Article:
Anderson: Owners' tale is circular at fly shop

  • Article by: DENNIS ANDERSON , Star Tribune
  • Updated: April 11, 2014 - 1:36 AM

The original owner of Bob Mitchell’s Fly Shop in Lake Elmo left for Montana. He was replaced by … a fly fishing fan from the Big Sky state.

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Bob Hawkins, new owner of Bob Mitchell’s Fly Shop in Lake Elmo, has doubled the shop’s size since May. It’s a busy time. The state’s regular stream trout season opens Saturday.

Photo: Dennis Anderson • danderson@startribune.com,

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Call it a reverse migration of sorts — a Montana fly fisherman settling in as the owner of a Minnesota fly shop.

But that’s what Bob Hawkins did almost a year ago, moving from Bozeman, Mont., to the Twin Cities to assume proprietorship of Bob Mitchell’s Fly Shop in Lake Elmo.

Hawkins, 40, purchased the business from Mike Alwin, who retired. Bob Mitchell’s founding dates to 1976, making it the longest-running retail outlet committed exclusively to fly fishing in the Twin Cities.

Ownership of the business occurred somewhat by happenstance.

“I had been a fly fishing guide in Montana for a number of years and managing a lodge on the Yellowstone River,” said Hawkins, who was born and raised in Bozeman, and who had also guided in Alaska for seven years. “But as a guide, you typically have to look for other work in winter, and while Montana is a great place to visit, there aren’t a lot of career opportunities there.”

Hawkins’ wife, Rhea, is a graphic designer originally from St. Cloud. When the couple decided to explore job opportunities outside Big Sky country, they considered Portland, Seattle and Denver, in addition to the Twin Cities.

A quick response from a firm in the metro offering Rhea a job arrived about the same time Alwin put Bob Mitchell’s up for sale. Alwin wanted to spend more time on area rivers, fly rod in hand.

“We jumped at the opportunities here,” said Bob Hawkins, who also studied and worked in commercial photography in Seattle for a few years.

First on Hawkins’ list of improvements to Bob Mitchell’s was an expansion of floor space from 600 square feet to more than 1,300. More flies and fly-tying supplies were added, as was an expansive line of fly-fishing equipment, including Simms waders and other gear, Sage rods, Yeti coolers and other name-brand fly angler necessities.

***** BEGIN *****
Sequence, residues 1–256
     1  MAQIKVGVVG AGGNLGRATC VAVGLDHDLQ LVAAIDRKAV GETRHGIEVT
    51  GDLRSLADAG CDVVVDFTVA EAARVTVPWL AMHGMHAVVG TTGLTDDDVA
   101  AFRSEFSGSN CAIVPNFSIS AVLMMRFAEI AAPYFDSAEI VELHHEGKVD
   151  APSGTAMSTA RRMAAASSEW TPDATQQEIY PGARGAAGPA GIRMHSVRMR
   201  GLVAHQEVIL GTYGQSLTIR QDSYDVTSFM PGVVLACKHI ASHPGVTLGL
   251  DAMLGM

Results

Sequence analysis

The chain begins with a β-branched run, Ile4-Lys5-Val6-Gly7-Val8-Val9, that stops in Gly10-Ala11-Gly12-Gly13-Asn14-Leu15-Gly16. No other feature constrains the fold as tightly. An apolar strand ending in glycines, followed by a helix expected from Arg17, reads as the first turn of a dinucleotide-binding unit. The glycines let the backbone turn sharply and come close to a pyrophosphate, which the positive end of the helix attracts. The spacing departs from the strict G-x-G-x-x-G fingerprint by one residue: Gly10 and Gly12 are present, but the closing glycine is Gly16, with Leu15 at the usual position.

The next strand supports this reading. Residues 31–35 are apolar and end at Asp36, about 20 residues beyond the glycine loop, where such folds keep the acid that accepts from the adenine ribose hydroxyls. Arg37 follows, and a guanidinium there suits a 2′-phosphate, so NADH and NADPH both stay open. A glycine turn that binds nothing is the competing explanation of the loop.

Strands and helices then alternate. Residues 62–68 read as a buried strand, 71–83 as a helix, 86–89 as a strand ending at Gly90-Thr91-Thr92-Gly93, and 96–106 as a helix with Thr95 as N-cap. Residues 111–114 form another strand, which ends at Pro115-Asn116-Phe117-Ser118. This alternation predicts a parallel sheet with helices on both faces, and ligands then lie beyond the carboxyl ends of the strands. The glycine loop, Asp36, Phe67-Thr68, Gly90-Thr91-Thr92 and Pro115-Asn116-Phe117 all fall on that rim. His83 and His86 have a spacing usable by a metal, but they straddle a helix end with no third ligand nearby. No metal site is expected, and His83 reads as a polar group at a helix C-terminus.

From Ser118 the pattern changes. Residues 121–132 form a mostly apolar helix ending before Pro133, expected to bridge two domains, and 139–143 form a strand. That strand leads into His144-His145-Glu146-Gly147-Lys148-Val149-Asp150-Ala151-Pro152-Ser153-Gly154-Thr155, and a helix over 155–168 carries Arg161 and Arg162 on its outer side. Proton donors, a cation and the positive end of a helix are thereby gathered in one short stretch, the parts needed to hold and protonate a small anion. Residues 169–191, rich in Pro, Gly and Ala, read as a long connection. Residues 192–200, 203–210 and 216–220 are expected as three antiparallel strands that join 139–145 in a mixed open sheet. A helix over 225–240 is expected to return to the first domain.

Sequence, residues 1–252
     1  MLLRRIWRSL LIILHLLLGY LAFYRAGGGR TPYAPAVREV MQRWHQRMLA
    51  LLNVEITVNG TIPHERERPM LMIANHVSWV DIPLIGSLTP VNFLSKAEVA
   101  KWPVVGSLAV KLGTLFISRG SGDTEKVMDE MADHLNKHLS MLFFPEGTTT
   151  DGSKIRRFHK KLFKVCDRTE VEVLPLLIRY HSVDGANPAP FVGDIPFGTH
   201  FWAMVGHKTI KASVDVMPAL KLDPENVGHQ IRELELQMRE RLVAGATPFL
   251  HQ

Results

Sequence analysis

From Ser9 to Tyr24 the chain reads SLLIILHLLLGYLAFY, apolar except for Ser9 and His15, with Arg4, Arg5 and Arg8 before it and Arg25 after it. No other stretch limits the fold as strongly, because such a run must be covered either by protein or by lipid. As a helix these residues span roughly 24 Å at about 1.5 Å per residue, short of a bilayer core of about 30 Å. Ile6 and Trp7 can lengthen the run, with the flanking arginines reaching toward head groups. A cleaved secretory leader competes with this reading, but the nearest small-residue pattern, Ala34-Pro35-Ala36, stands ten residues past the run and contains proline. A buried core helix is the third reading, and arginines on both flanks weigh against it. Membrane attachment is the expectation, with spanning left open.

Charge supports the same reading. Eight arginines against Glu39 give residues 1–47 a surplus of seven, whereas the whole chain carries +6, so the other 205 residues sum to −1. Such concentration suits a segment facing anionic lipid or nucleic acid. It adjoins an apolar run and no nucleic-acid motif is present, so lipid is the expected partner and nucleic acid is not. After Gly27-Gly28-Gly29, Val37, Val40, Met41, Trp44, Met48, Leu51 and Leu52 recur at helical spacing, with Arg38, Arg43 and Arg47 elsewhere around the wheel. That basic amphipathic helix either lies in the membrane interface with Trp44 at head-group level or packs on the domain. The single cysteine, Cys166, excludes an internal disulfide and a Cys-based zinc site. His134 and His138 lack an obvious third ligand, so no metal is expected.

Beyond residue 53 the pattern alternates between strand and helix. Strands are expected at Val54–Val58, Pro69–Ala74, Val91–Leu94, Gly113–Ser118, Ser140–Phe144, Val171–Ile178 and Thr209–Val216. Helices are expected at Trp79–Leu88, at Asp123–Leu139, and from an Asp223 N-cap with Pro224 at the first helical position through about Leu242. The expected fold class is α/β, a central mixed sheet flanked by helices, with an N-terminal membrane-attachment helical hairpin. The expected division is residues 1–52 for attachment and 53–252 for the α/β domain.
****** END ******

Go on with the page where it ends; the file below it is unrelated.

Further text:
The strong interest in fly fishing among Minnesota anglers has been a pleasant surprise, Hawkins said.

“There’s a huge interest here in trout fishing,” he said. “The ‘Kinni’ and Rush rivers are nearby [in western Wisconsin], as are streams in southeast Minnesota. And it seems the interest in fly fishing in the Twin Cities is growing.”

As a bonus, fly angling for warm-water species such as northern pike, muskies, smallmouth bass and panfish is also popular here — opportunities that didn’t exist in Montana, Hawkins said.

“For me personally, the whole warm-water thing is great,” he said.

Hawkins’ dad was an enthusiastic fly fisherman and had his son on Montana rivers as a toddler. “It was either that or get left at home,” he said.

“By the time I was 13, my dad had me on the oars, rowing,” Hawkins said.

It’s possible that Hawkins will guide in this area sometime in the future, but he has no plans to do so now, he said.

Perhaps ironically, the shop’s namesake — Bob Mitchell — spent most of his vacation time in Montana, fishing. In 1994, Mitchell and his wife, Jean, who was in every way a partner in the business, sold the shop to Alwin …

And moved to Montana.

Now another “Bob” has moved back from the West to take over the shop … and care for its longtime customers.

The other morning, an old-timer collection of these self-anointed fishing experts — aka the Lost Boys — gathered at the shop as they long have, sipping coffee and bragging about fish caught, those yet to be caught and the flies that might catch them.

Among regulars in this bunch are Bill Spiess, Dennis Hook, Dick Schwartz, Patrick Daly, Vic Mason and Bob Nasby.

“Bob [Hawkins] is a real credit to the fly fishing community,” Nasby said. “He’s doing a great job with the shop.”

First-time visitors to the new, expanded Bob Mitchell’s also are common. Some walk in the door to buy, others to learn about fly tying, casting or other skills necessary to hook fish.

Interested anglers can register for classes on these and other topics on the shop’s website, bobmitchellsflyshop.com.

“A little later this spring — the date hasn’t been set yet — we plan to have a grand opening,” Hawkins said. “Everyone’s welcome.”

 

Dennis Anderson • danderson@startribune.com

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